San Diego Winter Shelter In Need Of Blankets
With nighttime temperatures dipping into the 40s, the city of San Diego's winter shelter for homeless adults is in need of blankets, the head of the organization that runs the facility said today.
The chilly weather is expected to continue through the week, according to the National Weather Service.
The shelter, in a large tent at 16th and Newton avenues in Barrio Logan, accommodates 220 people and staff, and has to turn away 50 to 60 others nightly, said Bob McElroy, CEO of the Alpha Project.
Those who don't make it into the shelter are given blankets or plastic sheeting, which works as an insulator, McElroy said. He also said staff exchanges dry blankets for wet ones.
"We're really lacking in blankets,'' McElroy said.
The blankets and plastic are also given out at the Neil Good Day Center on 17th Street, and volunteers roam the streets looking for people in need of warmth.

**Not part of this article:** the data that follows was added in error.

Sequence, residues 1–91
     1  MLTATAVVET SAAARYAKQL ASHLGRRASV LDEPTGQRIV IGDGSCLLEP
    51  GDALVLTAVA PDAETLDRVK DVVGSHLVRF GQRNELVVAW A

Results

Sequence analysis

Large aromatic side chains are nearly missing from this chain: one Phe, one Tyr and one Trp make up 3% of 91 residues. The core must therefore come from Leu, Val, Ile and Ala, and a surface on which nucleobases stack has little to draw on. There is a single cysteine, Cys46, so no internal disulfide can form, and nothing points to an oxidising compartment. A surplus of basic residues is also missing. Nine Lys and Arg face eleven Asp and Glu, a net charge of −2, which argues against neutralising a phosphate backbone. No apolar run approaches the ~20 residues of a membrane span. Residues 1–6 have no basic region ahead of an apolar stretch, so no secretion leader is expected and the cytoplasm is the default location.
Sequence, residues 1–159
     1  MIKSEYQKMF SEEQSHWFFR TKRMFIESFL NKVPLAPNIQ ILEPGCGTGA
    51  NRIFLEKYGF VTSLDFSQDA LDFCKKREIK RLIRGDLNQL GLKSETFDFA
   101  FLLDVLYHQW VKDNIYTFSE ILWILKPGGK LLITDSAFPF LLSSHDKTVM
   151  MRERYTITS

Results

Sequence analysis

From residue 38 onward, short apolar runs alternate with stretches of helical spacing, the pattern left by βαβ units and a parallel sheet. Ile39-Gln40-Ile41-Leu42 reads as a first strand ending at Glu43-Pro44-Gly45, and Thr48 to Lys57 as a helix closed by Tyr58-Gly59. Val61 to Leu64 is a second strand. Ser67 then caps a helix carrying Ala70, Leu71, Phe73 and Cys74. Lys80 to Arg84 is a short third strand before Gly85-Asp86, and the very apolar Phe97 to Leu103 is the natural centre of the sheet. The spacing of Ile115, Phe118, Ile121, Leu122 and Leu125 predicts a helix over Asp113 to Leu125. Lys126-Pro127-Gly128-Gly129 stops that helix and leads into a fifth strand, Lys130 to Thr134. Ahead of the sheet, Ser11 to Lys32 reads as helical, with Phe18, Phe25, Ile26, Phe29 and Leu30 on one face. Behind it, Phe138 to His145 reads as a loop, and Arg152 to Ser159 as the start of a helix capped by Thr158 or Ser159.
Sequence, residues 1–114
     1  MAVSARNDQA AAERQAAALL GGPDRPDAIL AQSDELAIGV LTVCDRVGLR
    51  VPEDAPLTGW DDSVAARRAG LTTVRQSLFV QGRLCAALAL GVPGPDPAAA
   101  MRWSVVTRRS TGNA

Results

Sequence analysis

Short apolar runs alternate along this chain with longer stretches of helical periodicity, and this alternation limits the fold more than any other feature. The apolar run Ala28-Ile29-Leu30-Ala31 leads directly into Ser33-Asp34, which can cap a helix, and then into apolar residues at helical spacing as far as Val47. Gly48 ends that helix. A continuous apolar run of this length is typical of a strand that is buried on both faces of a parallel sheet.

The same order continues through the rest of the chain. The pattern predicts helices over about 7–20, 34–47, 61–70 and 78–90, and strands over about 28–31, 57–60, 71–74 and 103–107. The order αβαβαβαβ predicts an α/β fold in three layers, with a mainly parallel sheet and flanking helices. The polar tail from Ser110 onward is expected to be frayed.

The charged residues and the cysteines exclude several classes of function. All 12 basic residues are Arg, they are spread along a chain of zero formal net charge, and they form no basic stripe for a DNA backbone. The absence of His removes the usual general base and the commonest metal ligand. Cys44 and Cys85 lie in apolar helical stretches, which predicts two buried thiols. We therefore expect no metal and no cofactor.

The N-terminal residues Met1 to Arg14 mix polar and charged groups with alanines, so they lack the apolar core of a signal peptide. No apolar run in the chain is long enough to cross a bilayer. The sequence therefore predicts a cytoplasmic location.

"We're just trying to keep people alive,'' McElroy said.
He said women are not turned away from the shelter. Because of the recent cold snap, the female population there has climbed from an average of about 50 per night to 65, he said.
The tent is usually much warmer than the outside air, he said.
The NWS forecast calls for low temperatures in the low 40s through Saturday morning in downtown San Diego, where nighttime conditions are usually warmer than the rest of the county. Lows through the week will be in the 30s in the inland valleys the rest of the week, according to the NWS.